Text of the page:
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Teen Daughter With Gut Issues

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Hello everyone,

my teenage daughter is 16yo. Ever since she was a baby she's had bowel problems - gas and diarrhea, GERD, projectile vomiting and failure-to-thrive. Her first year of life was constant screaming and little sleep for any of us.

She was weaned onto solids at 3 months (we were told it would stop the screaming - it didn't). At 9 months old I stopped breastfeeding and gave her cow's milk. Oh dear. It came out both ends and she screamed herself hoarse. Shortly afterwards, she were told she was "probably" lactose intolerant and put her onto soy formula. She wasn't as bad, but she still grew slowly, was difficult to feed and miserable.

We kept trying with solids, but she hated food. It got harder and harder to feed her and she started losing weight, so by 20 months old she was diagnosed as a food-refuser and we were sent to a feeding clinic. We got a lot of help from the clinic and they confirmed that my daughter had become scared of food due to the intolerance issue.

My daughter continued being a skinny, food refuser (albeit not so bad as we tried to ignore it and make mealtimes fun) but did start to grow in height and develop normally. However, she regularly complained of tummy pain, never had normal stools and suffered a bloated tummy a lot.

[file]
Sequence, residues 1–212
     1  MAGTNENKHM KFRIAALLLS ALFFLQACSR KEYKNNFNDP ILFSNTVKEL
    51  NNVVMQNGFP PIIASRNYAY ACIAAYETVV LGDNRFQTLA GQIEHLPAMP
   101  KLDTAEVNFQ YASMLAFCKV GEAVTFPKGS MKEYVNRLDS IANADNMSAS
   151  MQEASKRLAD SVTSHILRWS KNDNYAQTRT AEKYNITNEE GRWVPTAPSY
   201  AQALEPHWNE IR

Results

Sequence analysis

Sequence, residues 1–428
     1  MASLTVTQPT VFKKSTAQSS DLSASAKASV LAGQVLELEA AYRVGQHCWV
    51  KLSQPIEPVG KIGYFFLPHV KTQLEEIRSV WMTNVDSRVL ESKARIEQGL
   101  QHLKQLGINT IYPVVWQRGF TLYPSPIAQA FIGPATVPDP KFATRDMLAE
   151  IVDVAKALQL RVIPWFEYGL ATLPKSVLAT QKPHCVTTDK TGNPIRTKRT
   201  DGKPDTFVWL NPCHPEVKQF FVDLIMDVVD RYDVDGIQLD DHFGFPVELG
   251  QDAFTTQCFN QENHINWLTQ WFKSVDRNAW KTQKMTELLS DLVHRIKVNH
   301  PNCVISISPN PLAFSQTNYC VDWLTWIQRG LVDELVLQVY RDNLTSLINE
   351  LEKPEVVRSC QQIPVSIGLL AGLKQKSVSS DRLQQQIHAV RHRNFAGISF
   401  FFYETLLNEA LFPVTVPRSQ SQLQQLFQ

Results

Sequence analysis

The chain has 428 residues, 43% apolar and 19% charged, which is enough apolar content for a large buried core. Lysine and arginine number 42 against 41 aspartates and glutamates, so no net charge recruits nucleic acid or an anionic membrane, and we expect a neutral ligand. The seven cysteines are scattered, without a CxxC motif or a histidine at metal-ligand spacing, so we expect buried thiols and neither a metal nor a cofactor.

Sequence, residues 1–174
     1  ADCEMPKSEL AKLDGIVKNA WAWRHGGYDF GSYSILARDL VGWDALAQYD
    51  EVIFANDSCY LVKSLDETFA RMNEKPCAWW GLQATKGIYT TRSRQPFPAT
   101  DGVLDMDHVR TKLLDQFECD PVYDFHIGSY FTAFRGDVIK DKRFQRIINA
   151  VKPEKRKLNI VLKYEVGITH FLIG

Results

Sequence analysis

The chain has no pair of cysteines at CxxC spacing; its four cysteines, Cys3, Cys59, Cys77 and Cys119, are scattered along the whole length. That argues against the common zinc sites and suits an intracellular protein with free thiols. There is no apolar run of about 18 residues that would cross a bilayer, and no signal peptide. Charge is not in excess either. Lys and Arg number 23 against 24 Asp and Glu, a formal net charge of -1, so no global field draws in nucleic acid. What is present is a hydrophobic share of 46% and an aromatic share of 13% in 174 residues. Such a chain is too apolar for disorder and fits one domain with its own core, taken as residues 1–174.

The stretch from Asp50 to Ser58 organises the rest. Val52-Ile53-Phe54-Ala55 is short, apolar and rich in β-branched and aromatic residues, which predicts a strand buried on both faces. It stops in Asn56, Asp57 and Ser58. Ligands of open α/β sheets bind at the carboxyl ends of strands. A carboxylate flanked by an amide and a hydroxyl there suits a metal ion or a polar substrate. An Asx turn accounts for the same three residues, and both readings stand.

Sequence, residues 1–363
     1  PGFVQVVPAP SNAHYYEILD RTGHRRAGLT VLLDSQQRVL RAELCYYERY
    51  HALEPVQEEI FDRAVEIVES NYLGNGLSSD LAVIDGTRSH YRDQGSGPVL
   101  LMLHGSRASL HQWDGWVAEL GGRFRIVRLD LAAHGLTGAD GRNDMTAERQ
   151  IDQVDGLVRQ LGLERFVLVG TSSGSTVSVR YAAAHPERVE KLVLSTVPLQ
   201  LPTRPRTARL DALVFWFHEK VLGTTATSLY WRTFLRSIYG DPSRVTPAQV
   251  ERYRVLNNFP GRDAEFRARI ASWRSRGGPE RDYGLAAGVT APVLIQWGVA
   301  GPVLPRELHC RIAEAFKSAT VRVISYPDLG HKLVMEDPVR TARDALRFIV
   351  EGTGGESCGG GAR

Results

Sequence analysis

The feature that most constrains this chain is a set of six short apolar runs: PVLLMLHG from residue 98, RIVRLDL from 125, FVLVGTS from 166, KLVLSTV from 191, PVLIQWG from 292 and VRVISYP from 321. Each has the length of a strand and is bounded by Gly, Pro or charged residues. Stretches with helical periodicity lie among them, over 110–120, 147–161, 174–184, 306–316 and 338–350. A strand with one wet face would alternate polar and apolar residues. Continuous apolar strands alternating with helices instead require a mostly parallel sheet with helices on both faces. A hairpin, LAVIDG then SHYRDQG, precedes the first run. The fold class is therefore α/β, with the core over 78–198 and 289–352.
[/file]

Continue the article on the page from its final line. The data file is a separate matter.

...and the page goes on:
Fast forward to recently. She's doing her exams this year and is quite stressed. For the last two years her tummy pain has been constant and is getting her down. We went to the doctors but all they said was that she was still lactose intolerant and to avoid dairy products at all costs, which we've been doing for years anyway. I requested a celiac test but the doctor practically laughed at me and said it was totally unnecessary.

After that reception, we didn't go back, and have since changed GPs. But my daughter's pain and bloating have been getting so bad we thought we'd try the new doctor. As well as diarrhea, wind, bloating, reflux, cramps and vomiting easily, my daughter had also passed blood. The new GP listened to this history and said celiac was really likely, and did the blood tests (tested her for loads, in fact). Today we got the results: negative, across the board. My daughter is apparently healthy, only with some unusual IBS.

We're not sure what to do. I've hit the Net and looked up "false-negatives for celiacs" and found a lot of hits. But the GP said it was rare to have false negatives and felt that my daughter's lack of anaemia and other symptoms was a sign that it was a functional disorder, not auto-immune. I want to believe her, but... I can't find anything about children with symptoms like my daughters, who didn't have celiacs. So either my daughter's unique, or something funny is going on.